As you said, something is amiss about the sizing of Explodo's tires. Definitely a warranty issue if it's a manufacturing error. If Maxxis downsized the casing to tune the stability or tread profile, they need to know that's not an acceptable workaround. Either way, I agree they ought to go back.

Thank you for adding some personal experience with relevant tires. The only thing I'll add is my experience with the 2.6" Vittoria Martello: slightly undersized and a very square tread profile. Worked okay on a 30 mm rim, but not acceptable as a front tire on 36 mm rims. Currently using it as a rear tire and not thrilled about the side lugs almost fully contacting the ground when upright (i.e. not leaned over).

Posted: Mar 16, 2020 at 9:27 Quote
Sorry, a little edgy standing at the edge of the apocalypse. The thought of the next few weeks at work in a tyvek suit with a PAPR has probably amped me a little more than I should be.

Posted: Mar 16, 2020 at 11:23 Quote
Here's your update:

Maxxis says to let them sit at max pressure for 48 hours. After that, measure at the shoulder knob. If it's still more than 5mm less than advertised width then submit a warranty claim.

The DHR stretched from a 2.4 to a 2.44 in 10 hours of 40 psi. I have a hard time believing that if I let it sit for another 38 hours it would continue to grow up to anything close to 2.6.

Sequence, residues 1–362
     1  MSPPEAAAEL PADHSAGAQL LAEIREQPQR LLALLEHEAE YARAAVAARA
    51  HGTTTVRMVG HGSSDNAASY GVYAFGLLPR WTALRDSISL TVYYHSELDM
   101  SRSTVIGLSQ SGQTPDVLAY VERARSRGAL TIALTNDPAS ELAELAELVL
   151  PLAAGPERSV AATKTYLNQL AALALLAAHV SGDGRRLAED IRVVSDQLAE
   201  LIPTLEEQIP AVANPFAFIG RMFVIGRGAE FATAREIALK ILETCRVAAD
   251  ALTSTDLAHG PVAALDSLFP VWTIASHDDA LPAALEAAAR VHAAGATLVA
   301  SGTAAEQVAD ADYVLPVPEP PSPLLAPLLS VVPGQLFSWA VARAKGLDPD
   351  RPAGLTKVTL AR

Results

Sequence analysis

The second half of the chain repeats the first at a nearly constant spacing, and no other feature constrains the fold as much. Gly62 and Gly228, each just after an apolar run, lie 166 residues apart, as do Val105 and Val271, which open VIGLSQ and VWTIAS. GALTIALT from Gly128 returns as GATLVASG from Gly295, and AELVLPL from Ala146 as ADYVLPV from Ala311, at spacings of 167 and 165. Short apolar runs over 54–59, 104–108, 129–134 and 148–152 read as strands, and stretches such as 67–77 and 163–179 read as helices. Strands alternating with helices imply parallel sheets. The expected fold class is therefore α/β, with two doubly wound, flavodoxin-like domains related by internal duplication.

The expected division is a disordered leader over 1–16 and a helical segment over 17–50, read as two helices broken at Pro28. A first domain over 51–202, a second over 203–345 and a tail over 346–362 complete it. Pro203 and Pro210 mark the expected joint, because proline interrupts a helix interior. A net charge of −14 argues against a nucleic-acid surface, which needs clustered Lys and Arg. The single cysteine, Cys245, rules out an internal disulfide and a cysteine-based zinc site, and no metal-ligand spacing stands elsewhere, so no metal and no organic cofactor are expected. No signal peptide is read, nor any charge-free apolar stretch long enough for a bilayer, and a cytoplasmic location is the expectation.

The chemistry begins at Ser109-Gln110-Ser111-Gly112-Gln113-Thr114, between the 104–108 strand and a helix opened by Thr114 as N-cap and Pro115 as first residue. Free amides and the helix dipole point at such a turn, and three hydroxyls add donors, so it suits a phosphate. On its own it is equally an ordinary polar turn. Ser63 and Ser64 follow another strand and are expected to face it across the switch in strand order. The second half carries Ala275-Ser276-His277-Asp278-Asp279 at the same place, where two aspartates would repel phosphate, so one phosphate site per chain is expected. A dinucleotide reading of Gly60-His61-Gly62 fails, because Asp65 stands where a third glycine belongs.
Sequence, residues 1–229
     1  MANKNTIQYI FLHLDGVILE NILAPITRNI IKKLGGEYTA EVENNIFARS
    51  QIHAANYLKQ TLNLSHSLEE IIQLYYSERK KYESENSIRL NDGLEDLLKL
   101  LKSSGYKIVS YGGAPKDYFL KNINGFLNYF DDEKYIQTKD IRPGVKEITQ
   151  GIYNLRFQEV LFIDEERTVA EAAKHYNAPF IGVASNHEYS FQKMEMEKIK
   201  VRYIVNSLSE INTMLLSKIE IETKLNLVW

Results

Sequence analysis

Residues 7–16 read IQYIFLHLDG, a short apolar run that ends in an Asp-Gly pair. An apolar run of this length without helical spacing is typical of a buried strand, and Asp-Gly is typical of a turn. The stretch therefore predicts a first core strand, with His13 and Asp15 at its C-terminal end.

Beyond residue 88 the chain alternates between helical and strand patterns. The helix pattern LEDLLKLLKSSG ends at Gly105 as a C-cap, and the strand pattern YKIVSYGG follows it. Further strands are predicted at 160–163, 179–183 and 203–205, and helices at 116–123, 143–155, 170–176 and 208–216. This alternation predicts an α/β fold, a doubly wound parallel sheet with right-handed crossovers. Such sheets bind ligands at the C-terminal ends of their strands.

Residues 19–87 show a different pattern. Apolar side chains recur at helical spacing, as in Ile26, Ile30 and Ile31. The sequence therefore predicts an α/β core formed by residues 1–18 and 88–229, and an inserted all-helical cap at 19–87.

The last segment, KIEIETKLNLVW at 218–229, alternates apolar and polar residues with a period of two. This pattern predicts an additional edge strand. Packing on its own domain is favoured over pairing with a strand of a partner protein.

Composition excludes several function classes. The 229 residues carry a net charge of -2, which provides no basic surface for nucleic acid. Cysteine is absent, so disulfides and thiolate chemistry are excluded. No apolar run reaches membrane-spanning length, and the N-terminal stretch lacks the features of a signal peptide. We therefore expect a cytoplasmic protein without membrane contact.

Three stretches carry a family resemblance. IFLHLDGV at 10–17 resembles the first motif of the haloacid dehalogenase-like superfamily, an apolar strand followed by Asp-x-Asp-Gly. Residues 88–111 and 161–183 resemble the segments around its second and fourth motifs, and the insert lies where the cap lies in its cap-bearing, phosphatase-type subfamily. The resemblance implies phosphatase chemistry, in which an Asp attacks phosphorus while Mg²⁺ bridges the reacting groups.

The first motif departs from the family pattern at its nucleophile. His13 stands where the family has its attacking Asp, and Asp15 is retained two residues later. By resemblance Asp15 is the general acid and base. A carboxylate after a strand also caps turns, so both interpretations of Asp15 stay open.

.

Posted: Mar 16, 2020 at 14:40 Quote
gotohe11carolina wrote:
Sorry, a little edgy standing at the edge of the apocalypse.

Strange times. Feeling uneasy, myself.


Explodo wrote:
Here's your update:

Maxxis says to let them sit at max pressure for 48 hours. After that, measure at the shoulder knob. If it's still more than 5mm less than advertised width then submit a warranty claim.

Thank you for the update.

That's a poor response from Maxxis. Width should be measured at the casing.

I've pulled up Maxxis' CAD files for the 2.6" DHR2 and DHF. Both are 65 mm at the casing and the lugs, measured on a 35 mm rim, with ±2 mm tolerance. If you've measured 2.4" (61 mm) on a 35 mm rim, that's off by double the tolerance.

Posted: Mar 22, 2020 at 9:14 Quote
As a further update, I mounted up a 29x2.5 Assegai yesterday and it's coming out to be 2.47". I'll go 2.6 next time around since my front 2.5 DHF still has another year of life in it.

Posted: Mar 22, 2020 at 9:39 Quote
Good to hear the dimensions are back on track!

Would you consider putting the Assagai on the front and DHF on the rear?

Posted: Mar 22, 2020 at 10:37 Quote
R-M-R wrote: